Subjected to illegal experiments by a mad scientist, we thought we were trapped forever. However, when a fellow monkey test subject gains superior intelligence and escapes, it leaves behind instructions to help us on our very own Monkey Run.
Puzzled Room Escape, 1177 Logan Rd., Holland Park West
2-6 players allowed
Listed difficulty: 3/5
How We Played
10 December 2016
29 minutes 25 seconds
Monkey Run is a bit unusual in the Brisbane escape room scene as it is not so much a cerebral as a physical experience. In that sense, it is similar to Solve and Unlock’s now-closed Missile Meltdown (which I understand has relocated to Toowoomba). Monkey Run is perhaps a little more traditional, since it still requires you to figure out what must be done based on contextual clues, whereas Missile Meltdown was entirely objective-driven.
The guys at Puzzled Room Escape have a clever method for inducing an immersive experience. The story, as I hint above, is that a hyper-intelligent ape leaves clues to aid your escape. As you are monkeys, and therefore non-verbal, these clues are visual. The next hour is taken up with a number of process-based tasks.
These tasks are fun, and some have very satisfying effects on the diegetic world. At times, Monkey Run really feels like an escape from a laboratory. It is also great to see a room in which actions directly aid in progression rather than providing a code (a technique that would not make sense in this context). You also get to wear monkey hats the entire time, which is a great touch!
One criticism I have with regard to the experience is the fact that there are one or two puzzles that do not clearly signal their completion. They work, and we had no problem progressing, but in the absence of clear feedback teams that are not confident in their actions may not realise a door has unlocked.
As mentioned earlier, Monkey Run contains activities more than puzzles. Once you interpret what you need to do – a process that should take little time for most – it is just a matter of doing it. There are one or two analytical puzzles in the middle, but even these are process-driven rather than deductive.
The physical activities are satisfying to complete, but some do risk being frustrating. Failure usually means repeating from the start, and if you struggle with one in particular you could find yourself knowing what you need to do but physically unable to do it. This isn’t a criticism exactly, since it is simply the way the room is built, but I know some people find it more frustrating when they get stuck due to not being able to do something rather than not knowing what to do.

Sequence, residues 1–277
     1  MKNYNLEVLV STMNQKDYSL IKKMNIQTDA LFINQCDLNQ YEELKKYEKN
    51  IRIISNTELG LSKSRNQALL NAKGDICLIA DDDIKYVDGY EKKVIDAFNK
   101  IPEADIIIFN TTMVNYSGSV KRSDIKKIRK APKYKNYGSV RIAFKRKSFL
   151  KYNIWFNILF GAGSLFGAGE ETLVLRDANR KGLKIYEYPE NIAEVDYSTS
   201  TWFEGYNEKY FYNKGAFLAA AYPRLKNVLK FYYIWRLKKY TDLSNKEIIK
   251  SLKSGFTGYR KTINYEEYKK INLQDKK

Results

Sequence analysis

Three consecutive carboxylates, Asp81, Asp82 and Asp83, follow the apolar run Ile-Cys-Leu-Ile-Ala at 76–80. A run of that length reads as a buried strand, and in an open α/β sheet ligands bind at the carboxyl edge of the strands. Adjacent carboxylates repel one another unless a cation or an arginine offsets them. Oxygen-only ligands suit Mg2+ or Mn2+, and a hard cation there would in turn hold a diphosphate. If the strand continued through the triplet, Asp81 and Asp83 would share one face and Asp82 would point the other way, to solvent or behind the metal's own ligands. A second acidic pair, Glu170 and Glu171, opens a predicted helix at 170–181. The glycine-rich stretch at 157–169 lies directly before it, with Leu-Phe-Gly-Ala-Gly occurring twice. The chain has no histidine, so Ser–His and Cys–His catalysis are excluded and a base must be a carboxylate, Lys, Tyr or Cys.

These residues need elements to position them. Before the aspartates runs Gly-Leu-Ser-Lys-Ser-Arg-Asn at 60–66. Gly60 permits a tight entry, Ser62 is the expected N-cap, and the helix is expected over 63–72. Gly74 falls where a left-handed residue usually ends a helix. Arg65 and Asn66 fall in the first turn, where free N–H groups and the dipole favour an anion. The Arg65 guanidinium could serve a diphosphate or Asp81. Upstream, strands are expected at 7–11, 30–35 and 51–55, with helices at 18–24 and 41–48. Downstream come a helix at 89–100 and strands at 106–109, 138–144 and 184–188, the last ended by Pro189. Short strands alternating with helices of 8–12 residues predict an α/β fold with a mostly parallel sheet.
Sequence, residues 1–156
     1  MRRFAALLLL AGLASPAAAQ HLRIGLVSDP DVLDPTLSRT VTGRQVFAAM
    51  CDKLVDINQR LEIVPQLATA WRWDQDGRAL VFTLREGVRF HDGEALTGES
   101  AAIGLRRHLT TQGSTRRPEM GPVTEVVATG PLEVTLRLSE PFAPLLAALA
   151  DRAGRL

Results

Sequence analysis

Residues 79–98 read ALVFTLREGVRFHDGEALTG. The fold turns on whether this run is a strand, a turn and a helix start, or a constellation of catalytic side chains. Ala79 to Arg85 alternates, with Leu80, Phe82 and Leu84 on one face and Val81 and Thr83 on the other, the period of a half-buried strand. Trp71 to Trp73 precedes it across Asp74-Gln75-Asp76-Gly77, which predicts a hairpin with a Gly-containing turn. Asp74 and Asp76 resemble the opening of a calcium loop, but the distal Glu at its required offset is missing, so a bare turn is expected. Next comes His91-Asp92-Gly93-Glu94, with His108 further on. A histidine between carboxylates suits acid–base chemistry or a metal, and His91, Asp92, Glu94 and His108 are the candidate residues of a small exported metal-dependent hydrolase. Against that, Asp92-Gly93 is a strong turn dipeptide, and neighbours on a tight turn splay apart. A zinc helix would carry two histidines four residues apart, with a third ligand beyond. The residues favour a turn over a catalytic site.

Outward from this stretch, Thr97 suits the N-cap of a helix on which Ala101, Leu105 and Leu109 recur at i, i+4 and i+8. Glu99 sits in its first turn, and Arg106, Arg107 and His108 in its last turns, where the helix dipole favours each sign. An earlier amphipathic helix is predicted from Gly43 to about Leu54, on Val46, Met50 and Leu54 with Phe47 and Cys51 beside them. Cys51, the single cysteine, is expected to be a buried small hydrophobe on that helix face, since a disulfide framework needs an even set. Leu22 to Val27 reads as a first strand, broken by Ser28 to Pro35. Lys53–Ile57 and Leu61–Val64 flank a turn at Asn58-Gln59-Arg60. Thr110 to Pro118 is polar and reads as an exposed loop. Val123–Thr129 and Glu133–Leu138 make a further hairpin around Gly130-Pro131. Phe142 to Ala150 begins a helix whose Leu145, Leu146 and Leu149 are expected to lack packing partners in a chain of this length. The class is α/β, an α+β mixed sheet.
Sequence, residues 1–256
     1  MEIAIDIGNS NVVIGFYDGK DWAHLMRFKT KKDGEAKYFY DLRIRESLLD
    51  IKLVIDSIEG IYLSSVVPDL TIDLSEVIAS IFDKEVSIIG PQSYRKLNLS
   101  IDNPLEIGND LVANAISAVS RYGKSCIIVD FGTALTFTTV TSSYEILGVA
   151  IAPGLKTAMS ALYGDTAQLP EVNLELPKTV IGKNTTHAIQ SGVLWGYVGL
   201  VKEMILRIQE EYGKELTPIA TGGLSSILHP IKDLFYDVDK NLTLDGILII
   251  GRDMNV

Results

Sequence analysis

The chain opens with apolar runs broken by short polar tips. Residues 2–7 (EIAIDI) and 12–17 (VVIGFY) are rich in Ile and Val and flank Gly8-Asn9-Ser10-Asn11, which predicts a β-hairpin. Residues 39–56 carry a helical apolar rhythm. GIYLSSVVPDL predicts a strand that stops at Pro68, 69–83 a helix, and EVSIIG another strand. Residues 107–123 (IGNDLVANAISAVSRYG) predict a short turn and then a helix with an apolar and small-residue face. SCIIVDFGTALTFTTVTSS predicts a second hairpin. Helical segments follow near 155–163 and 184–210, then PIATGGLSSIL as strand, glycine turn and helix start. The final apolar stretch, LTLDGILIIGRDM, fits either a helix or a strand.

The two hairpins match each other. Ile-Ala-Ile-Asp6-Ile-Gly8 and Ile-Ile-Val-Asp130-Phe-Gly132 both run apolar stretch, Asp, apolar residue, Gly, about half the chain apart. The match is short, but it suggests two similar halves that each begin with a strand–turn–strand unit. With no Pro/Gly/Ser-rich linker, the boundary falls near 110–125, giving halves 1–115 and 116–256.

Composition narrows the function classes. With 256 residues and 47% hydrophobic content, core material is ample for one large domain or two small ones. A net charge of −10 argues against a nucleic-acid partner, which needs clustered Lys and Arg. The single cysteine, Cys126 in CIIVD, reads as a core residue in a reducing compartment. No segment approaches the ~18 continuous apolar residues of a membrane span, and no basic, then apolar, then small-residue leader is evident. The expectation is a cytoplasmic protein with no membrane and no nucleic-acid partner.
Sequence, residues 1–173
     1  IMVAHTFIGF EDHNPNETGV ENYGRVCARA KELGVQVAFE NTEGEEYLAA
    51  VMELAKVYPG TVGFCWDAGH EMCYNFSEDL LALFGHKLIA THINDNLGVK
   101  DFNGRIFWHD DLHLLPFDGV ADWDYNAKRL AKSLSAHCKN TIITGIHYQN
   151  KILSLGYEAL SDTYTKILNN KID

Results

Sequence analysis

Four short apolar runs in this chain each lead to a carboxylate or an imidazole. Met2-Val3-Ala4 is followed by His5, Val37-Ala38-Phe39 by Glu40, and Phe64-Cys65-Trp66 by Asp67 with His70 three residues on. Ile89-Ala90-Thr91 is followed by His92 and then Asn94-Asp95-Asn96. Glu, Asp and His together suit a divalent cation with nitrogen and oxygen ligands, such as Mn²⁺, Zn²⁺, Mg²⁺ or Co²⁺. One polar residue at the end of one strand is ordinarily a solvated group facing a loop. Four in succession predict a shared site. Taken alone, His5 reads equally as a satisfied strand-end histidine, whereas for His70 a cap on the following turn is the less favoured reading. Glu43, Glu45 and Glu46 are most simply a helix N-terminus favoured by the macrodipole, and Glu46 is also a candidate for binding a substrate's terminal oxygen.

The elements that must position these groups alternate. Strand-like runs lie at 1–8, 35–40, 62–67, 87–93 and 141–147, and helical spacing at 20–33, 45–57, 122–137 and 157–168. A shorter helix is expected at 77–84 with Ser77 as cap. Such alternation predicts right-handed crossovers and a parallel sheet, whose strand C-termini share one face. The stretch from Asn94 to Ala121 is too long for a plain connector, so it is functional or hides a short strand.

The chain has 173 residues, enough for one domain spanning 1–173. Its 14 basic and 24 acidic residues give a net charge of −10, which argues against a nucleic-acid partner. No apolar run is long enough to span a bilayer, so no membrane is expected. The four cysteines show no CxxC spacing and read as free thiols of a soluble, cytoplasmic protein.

The focus on activities makes Monkey Run better for smaller teams. Early on there are plenty of different things to work on, but each can really only be done by one person. When things begin to converge towards the end, some members of large teams might find themselves with little to do.
The Bottom Line
Monkey Run is a great room for smaller teams looking for something a little less cerebral than other offerings in Brisbane. It has a cool story, fun gadgets to play with, and immersive decoration and props.
Monkey Run is one of the two rooms compatible with Puzzled Room Escape’s battle mode, the other being Dr Irov’s Laboratory. This is a good option for groups larger than the maximum of six who still want to interact. Having done both rooms now, I must say that team balance will be difficult to manage. I took a similar, but slightly different, team into each of the rooms and was able to complete Monkey Run around five minutes quicker. This seems to reflect the experience of other teams – Dr Irov is generally a harder room.
However, it is worth noting that Dr Irov’s Laboratory, being a brain-burner with a structure that is easier for larger groups, could have finishing times that vary quite considerably due to the ability to complete multiple puzzles in parallel and the potential for some teams to have quicker deductive reasoning. Monkey Run, on the other hand, will probably take most teams around the same time, as each activity is more process-oriented, requiring you to do tasks that will take a certain amount of time.
If you decide to do battle mode (and I do recommend trying it at least once), my recommendation is to have a slightly larger team attempt Dr Irov’s Laboratory. I suspect this will result in the best balance to give both teams a chance of success. It is also advisable to attempt to balance the teams approximately evenly in terms of experience – I think battle mode will work best for groups in which everyone has done only a small number of rooms.
Even without battle mode, however, Monkey Run is definitely a room worth doing for a team after an immersive experience that won’t tax the brain too much.